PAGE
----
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Colon and Rectal Polyps 

Introduction
Colon and rectal polyps are small growths that project out from the inside lining of the large intestine or rectum.  They usually are noncancerous and produce no symptoms.  However, some polyps can turn into cancer.  Polyps that turn into cancer typically take several years to do so. Screening for colon cancer allows polyps to be detected and removed early, which may prevent the development of cancer.

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Anatomy
Your body absorbs nutrients and removes waste products via your digestive system.  Whenever you eat and drink, food travels through your digestive system for processing.  As water from the waste product is absorbed, the product becomes more solid and forms a stool or feces.  It is eventually eliminated from your body when you have a bowel movement.
 
After you swallow food, it moves through your esophagus and into your stomach.  Chemicals in your stomach break down the food into a liquid form.  The processed liquid travels from your stomach to your small intestine.  Your small intestine breaks down the liquid even further so that your body can absorb the nutrients from the food you ate.  The remaining waste products from the small intestine travel to the large intestine.
 
Your large intestine, also called the large bowel or colon, is a tube that is about 5 feet long and 3 or 4 inches around.  The lower GI tract is divided into sections, including the cecum, ascending colon, transverse colon, descending colon, sigmoid colon, rectum, anal canal, and anus.  The appendix is located on the cecum, but it does not serve a purpose in the digestive process. 
 
The first part of the colon absorbs water and nutrients from the waste products that come from the small intestine.  As the colon absorbs water from the waste product, the product becomes more solid and forms a stool.  The large intestine moves the stool into the sigmoid colon, where it may be stored before traveling to the rectum.  The rectum is the final 6-inch section of your digestive tract.  No significant nutrient absorption occurs in the rectum or anal canal.  From the rectum, the stool moves through the anal canal.  It passes out of your body through your anus when you have a bowel movement.

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Causes
A polyp is a small growth that projects out from the inner mucus lining of the colon or rectum.  Most polyps are noncancerous.  Polyps that turn into cancer typically take several years to do so.  A hyperplastic polyp is generally noncancerous but can be of concern if it grows large.  An adenoma is a type of polyp that can turn into cancer.  Cancer of the cells that line the inside of the colon is called adenocarcinoma.  Adenocarcinomas are the most common type of colon cancer.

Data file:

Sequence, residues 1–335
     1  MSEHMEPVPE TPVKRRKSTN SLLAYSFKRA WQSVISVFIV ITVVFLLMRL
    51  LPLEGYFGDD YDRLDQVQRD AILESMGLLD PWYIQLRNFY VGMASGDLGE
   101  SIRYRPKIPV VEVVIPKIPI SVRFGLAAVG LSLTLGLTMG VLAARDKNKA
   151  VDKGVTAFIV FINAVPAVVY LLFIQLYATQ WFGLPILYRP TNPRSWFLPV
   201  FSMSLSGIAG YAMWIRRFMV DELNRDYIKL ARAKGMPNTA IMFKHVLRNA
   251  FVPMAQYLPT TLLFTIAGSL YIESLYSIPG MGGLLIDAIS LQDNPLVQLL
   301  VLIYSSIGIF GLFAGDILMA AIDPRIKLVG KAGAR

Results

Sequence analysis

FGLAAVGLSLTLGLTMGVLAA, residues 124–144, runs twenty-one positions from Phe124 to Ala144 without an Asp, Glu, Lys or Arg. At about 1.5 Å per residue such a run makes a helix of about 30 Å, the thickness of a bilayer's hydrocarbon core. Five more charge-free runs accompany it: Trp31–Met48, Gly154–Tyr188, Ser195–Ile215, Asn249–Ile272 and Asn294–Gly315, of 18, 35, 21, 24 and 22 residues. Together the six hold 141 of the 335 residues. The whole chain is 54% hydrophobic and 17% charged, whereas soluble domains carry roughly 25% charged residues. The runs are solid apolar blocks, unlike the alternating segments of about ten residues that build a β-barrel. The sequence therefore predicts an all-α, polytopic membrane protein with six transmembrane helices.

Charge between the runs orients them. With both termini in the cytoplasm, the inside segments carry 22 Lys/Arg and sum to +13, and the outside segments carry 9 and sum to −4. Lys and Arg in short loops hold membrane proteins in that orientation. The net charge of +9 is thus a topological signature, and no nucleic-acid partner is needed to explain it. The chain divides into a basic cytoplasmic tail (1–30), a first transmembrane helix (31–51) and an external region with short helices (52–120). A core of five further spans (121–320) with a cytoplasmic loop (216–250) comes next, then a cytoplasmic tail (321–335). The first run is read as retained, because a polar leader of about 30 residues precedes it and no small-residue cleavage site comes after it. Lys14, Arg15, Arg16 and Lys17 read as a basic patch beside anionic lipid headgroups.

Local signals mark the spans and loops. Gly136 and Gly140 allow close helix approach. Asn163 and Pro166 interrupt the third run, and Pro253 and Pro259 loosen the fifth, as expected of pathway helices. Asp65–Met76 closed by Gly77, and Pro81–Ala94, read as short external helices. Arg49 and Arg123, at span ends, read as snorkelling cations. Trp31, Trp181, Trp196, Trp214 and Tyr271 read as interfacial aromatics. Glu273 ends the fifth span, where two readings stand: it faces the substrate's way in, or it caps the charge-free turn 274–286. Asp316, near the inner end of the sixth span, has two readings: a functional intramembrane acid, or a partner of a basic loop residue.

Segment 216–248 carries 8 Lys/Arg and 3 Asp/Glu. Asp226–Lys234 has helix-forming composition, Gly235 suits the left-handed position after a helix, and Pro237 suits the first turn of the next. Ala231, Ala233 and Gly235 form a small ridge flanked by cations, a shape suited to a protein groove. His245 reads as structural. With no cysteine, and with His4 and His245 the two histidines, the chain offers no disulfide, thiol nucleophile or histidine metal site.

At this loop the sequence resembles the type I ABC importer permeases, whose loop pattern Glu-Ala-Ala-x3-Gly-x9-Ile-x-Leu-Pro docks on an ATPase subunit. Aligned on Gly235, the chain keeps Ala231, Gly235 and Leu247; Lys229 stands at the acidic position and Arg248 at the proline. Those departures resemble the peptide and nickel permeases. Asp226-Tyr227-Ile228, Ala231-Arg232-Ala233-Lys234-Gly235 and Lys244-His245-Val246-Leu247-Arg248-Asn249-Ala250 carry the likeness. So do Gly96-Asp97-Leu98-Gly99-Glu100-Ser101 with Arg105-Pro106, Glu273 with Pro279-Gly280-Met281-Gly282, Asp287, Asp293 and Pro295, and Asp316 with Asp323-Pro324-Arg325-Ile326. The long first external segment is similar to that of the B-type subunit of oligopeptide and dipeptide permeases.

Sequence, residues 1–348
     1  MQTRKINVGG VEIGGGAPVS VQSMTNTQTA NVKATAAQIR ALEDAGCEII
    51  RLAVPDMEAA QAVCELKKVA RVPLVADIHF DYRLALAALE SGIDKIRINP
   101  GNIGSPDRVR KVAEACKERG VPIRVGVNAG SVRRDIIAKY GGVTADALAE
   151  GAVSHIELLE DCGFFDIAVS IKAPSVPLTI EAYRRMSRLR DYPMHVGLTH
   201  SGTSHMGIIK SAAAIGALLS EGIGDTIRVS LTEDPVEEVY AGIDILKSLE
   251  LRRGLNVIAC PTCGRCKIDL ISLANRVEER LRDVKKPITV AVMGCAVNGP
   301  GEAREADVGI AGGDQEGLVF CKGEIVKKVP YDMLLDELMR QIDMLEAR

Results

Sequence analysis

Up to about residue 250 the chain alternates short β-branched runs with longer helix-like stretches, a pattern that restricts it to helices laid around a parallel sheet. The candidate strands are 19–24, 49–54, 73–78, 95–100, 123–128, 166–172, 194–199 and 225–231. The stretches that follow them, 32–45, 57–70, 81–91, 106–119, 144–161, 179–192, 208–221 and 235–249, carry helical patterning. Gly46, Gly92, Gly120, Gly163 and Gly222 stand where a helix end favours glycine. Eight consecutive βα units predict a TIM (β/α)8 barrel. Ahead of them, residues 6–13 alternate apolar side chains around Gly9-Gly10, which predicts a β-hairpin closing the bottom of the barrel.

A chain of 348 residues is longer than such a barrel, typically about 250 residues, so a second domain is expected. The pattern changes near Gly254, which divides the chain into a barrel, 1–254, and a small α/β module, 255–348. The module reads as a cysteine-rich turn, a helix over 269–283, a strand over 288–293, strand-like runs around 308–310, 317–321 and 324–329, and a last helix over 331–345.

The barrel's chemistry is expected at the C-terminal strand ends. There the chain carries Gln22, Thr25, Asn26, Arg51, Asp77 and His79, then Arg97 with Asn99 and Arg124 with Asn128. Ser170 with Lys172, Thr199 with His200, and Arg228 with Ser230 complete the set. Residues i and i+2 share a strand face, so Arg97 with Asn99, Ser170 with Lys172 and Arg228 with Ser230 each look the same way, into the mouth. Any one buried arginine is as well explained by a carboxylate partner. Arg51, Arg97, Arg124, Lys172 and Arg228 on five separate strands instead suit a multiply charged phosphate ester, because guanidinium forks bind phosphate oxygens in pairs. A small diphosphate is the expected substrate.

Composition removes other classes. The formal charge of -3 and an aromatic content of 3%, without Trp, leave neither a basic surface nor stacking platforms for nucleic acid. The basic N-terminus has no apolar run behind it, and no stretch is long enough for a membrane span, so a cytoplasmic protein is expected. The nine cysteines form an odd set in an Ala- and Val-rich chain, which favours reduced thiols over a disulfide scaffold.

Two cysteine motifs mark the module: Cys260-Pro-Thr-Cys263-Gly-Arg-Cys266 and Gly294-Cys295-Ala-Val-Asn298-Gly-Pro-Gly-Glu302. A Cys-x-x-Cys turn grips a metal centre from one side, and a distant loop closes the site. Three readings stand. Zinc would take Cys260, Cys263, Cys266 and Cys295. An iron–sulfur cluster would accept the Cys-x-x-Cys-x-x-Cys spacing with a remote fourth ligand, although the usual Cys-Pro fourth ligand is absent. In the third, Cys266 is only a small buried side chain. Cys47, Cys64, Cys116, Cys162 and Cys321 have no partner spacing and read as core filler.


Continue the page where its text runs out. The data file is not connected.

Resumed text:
The exact cause of colon cancer is unknown.  Cancer occurs when cells in the interior lining of the colon grow abnormally and out of control, instead of dividing in an orderly manner.  Some people may inherit a genetic variation cannot control the division of cells in the colon and promotes the growth of polyps and cancer.  Polyps that may be associated with certain hereditary disorders include Gardner’s Syndrome, Peutz-Jeghers Syndrome, Juvenille Polyposis, Familial Adenomatous Polyposis, and Lynch Syndrome.

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Symptoms
Most people with colorectal polyps or early colorectal cancer do not have symptoms.  Symptoms may include changes in bowel movement patterns.  You may develop diarrhea, constipation, or narrow stools that last for more than a few days.  You may experience rectal bleeding or have blood in your stools.  However, it is also common for the stools to remain normal looking.  Lower abdominal pain or cramps are rare but may occur.  Weight loss may occur for no apparent reason.  You may feel weak or tired.  Additionally, some people develop anemia, a condition characterized by a decrease in red blood cells. 

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Diagnosis
Your doctor can diagnose colon polyps after reviewing your medical history and by conducting a physical examination.  You should tell your doctor about your symptoms and risk factors.  Your doctor will rule out other conditions with similar symptoms, such as hemorrhoids or infection.  There are several tests for colorectal polyps.
 
Your doctor will examine your abdomen to feel for growths or enlarged organs.  Your doctor may also perform a digital rectal examination.  To do so, your doctor will briefly insert a gloved, lubricated finger into your rectum to check for a growth or mass.  A mass may be indicative of rectal cancer, but not colon cancer.
 
A stool blood test can detect small amounts of blood in your stool.  The fecal occult blood test (FOBT) or the fecal immunochemical test (FIT) is commonly used.  You will receive a kit and instructions for taking a stool sample at home.  The kit is sent to a laboratory for testing.  If the test results are positive, your doctor may order a colonoscopy to identify the exact cause of bleeding.
 
A flexible sigmoidoscopy is used to view the rectum and part of the colon for cancer or polyps.  A sigmoidscope is a thin tube with a light and viewing instrument.  It is about two feet long.  The sigmoidscope is placed in the colon, through the anus.  This test can be uncomfortable, but should not be painful. Any abnormal results are followed up with a colonoscopy.